Have you ever visited a new church hoping to experience a warm welcome, only to feel like you’ve walked into someplace you didn’t belong? This is an unfortunate reality that lots of people deal with when they’re trying to find a church they can call home.
Many churches claim to be welcoming, but few are. What is it that sets welcoming churches apart, and how do you know if you’ve stepped into one?
3 things welcoming churches do
Mahatma Ghandi once said, “I like your Christ, I do not like your Christians. Your Christians are so unlike your Christ.” The behavior of Christians can make or break someone’s openness to faith and church. Jesus knew this, which is why he gave such specific marching orders to his followers in 13:34-35:
“So now I am giving you a new commandment: love each other. Just as I have loved you, you should love each other. Your love for one another will prove to the world that you are my disciples.”
Jesus knew his followers would need more than lip service to reach people with the Gospel, the Good News of the hope we all have in Christ. He knew it would take intentional actions, deliberate displays of love, to draw people in close enough to hear this message.
If you want to get a good gauge on how closely a church is following Jesus, all you need to look at is how they treat others. Here are three indicators a church is getting this right:
1. They make room for people in process
A welcoming church is a safe space for people, no matter where they are on their faith journey. Others can belong before they believe. These churches embody the same patience Jesus extends to each of us: embracing people in their process, without forcing them to be further down the road than they already are.
Following Jesus should set change and growth into motion, but we all experience life change at our own pace. A welcoming church doesn’t shame people for where they’re at in their journey, but instead meets them there and walks alongside them as they learn and grow.
2. They speak in a way that honors others
Our words have the power to build or break. Honoring others in how we speak, both to and about them, creates an atmosphere of respect and unity. However, many churches are torn apart by a lack of sensitivity and discretion in the way their people speak. Gossip is especially insidious, and yet far too common in many church communities.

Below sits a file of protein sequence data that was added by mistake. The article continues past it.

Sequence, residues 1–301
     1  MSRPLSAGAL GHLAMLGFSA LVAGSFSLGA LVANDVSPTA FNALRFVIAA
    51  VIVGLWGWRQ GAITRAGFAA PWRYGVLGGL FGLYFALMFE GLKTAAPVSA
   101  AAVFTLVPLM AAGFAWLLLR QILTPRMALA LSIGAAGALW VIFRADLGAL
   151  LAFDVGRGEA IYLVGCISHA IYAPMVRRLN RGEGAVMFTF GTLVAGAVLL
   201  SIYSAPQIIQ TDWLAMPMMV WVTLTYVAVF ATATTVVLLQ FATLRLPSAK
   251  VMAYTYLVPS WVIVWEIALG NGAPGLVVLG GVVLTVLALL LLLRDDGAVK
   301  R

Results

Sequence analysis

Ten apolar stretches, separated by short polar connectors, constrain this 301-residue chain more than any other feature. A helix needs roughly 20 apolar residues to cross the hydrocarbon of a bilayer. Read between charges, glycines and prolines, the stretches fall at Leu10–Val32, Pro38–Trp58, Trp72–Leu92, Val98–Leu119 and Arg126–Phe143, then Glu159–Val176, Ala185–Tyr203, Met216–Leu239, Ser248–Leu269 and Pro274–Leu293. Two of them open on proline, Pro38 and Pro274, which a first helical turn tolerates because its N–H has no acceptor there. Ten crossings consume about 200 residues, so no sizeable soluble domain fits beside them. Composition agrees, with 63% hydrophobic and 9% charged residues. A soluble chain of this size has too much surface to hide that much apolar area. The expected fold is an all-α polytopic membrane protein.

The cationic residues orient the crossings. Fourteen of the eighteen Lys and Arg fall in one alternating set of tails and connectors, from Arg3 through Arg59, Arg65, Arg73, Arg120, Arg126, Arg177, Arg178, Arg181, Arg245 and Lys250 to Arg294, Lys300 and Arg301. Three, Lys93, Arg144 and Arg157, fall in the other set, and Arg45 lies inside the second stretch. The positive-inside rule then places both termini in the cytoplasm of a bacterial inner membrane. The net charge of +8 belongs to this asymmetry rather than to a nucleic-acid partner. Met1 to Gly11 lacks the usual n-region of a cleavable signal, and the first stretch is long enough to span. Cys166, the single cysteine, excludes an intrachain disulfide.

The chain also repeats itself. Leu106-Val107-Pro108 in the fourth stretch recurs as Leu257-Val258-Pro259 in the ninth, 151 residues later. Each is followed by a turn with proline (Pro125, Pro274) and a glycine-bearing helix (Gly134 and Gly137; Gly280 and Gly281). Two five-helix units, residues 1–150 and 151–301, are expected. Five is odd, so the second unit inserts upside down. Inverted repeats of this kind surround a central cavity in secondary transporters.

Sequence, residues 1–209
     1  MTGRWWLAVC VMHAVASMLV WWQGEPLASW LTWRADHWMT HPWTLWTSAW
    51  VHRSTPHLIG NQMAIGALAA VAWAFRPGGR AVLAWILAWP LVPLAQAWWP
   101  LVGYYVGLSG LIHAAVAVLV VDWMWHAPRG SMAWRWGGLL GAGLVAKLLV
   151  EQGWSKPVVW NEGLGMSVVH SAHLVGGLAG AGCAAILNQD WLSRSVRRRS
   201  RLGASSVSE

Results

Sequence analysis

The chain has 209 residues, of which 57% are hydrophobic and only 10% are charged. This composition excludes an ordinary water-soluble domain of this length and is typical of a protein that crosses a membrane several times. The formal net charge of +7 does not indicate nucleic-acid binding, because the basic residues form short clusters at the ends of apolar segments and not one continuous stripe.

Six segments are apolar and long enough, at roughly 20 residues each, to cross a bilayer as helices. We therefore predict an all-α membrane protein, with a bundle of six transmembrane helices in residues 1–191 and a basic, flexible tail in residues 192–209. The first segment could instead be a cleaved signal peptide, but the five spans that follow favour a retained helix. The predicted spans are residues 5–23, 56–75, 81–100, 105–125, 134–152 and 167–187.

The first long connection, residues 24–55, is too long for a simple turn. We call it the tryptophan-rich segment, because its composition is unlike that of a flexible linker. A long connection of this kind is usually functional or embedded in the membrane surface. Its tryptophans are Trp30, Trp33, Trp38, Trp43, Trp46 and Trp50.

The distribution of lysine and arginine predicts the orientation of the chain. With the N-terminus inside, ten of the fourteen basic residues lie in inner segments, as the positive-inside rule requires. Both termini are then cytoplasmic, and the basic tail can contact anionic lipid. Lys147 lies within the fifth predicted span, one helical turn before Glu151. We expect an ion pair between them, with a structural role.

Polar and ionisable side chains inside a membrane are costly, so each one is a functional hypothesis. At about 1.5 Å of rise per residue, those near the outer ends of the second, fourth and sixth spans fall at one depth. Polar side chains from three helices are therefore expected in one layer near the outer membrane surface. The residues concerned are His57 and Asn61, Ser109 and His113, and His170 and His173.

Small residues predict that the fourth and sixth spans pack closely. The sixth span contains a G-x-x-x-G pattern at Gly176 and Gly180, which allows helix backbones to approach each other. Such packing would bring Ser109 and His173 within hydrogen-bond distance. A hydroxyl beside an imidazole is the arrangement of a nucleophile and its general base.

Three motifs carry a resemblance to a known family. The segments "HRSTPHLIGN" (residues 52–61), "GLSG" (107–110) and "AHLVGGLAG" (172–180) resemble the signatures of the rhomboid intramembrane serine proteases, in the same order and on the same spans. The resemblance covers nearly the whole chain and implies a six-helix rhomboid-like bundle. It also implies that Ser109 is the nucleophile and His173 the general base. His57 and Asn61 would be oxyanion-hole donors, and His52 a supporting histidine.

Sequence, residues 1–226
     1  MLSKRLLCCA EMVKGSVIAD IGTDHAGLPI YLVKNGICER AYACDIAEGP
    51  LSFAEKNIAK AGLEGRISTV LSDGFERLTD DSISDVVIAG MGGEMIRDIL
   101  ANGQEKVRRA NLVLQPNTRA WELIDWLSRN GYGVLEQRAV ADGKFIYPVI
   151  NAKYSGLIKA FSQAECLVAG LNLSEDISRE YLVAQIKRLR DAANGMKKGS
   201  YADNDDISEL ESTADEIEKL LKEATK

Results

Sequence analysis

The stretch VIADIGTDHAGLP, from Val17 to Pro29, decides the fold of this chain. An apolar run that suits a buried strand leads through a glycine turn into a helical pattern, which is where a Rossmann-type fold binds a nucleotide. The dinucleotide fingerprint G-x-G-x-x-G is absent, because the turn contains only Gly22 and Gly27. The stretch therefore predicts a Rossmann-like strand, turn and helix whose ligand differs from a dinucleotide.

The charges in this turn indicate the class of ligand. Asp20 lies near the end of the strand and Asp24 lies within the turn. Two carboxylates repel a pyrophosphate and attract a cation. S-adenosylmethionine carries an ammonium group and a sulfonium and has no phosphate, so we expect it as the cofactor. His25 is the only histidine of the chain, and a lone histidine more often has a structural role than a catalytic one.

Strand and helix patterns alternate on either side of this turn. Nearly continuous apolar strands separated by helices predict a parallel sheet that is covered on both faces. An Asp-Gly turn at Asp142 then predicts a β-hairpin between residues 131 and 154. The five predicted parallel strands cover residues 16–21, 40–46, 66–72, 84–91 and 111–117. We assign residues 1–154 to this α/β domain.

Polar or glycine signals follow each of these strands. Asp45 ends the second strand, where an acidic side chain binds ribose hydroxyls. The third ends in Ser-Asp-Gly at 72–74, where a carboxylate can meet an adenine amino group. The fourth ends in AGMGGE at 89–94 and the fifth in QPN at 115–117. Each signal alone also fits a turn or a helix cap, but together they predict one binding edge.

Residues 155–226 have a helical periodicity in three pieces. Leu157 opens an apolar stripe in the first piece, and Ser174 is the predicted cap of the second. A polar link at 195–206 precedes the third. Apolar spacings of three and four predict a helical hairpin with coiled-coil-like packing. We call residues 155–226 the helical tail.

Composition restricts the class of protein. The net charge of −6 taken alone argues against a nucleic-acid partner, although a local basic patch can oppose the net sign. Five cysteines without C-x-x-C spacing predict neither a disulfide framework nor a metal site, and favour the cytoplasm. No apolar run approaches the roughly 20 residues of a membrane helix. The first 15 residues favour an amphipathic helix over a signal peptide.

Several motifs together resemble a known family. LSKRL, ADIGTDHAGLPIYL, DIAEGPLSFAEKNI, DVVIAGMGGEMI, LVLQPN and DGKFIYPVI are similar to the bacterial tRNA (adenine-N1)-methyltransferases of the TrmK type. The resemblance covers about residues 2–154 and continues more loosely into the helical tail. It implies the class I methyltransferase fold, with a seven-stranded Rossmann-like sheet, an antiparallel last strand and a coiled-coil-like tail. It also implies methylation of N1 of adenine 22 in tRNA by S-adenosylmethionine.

Proverbs 16:26 warns against the harm caused by gossip, stating that "a perverse person stirs up conflict, and a gossip separates close friends." A church that prioritizes relationships guards against conversations that tear down and has no tolerance for gossip.
3. They fight for unity
We’ve all experienced seasons of cultural division and tension. Churches should be a safe haven from unrest, yet so many people find just as much polarization within a church as they do outside of it.
In Galatians 5:15, the apostle Paul cautions against divisive behavior within the church community, stating, "If you are always biting at and devouring one another, watch out! Beware of destroying each other."
A welcoming church fights for unity, ensuring that it is not just a concept but a tangible reality. Instead of making sure everyone agrees, these churches look for ways to honor and love each other despite differences – and to center around what everyone shares in Christ.
This doesn’t mean there isn’t a place for healthy disagreement in relationships. Conflict aversion can be detrimental to a welcoming culture, so it’s important to learn how to engage in conflict in a productive way.
It starts with us
To quote our friend Gandhi again, we’re challenged to “be the change [we] wish to see in the world.” If you’re frustrated by the unwelcoming environment some churches have created, look inward first before you start pointing fingers.
Ask yourself, “What would someone conclude about who Jesus is if all they had to go off was the way you treat people?” Our actions reflect our beliefs, and the way we treat others can be a powerful testimony to the life-changing love of Christ. (This also means our behavior can be a testimony against it if we’re not careful.)
A healthy church is intentional about its relationships, reflecting the love of Christ in every interaction. By making room for people in their journey and doing everything possible to honor others and their differences, a church will attract both believers and non-believers alike.
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LCBC stands for Lives Changed By Christ. We are one church in multiple locations across Pennsylvania. Find the location closest to you or join us for Church Online. We can’t wait to connect with you!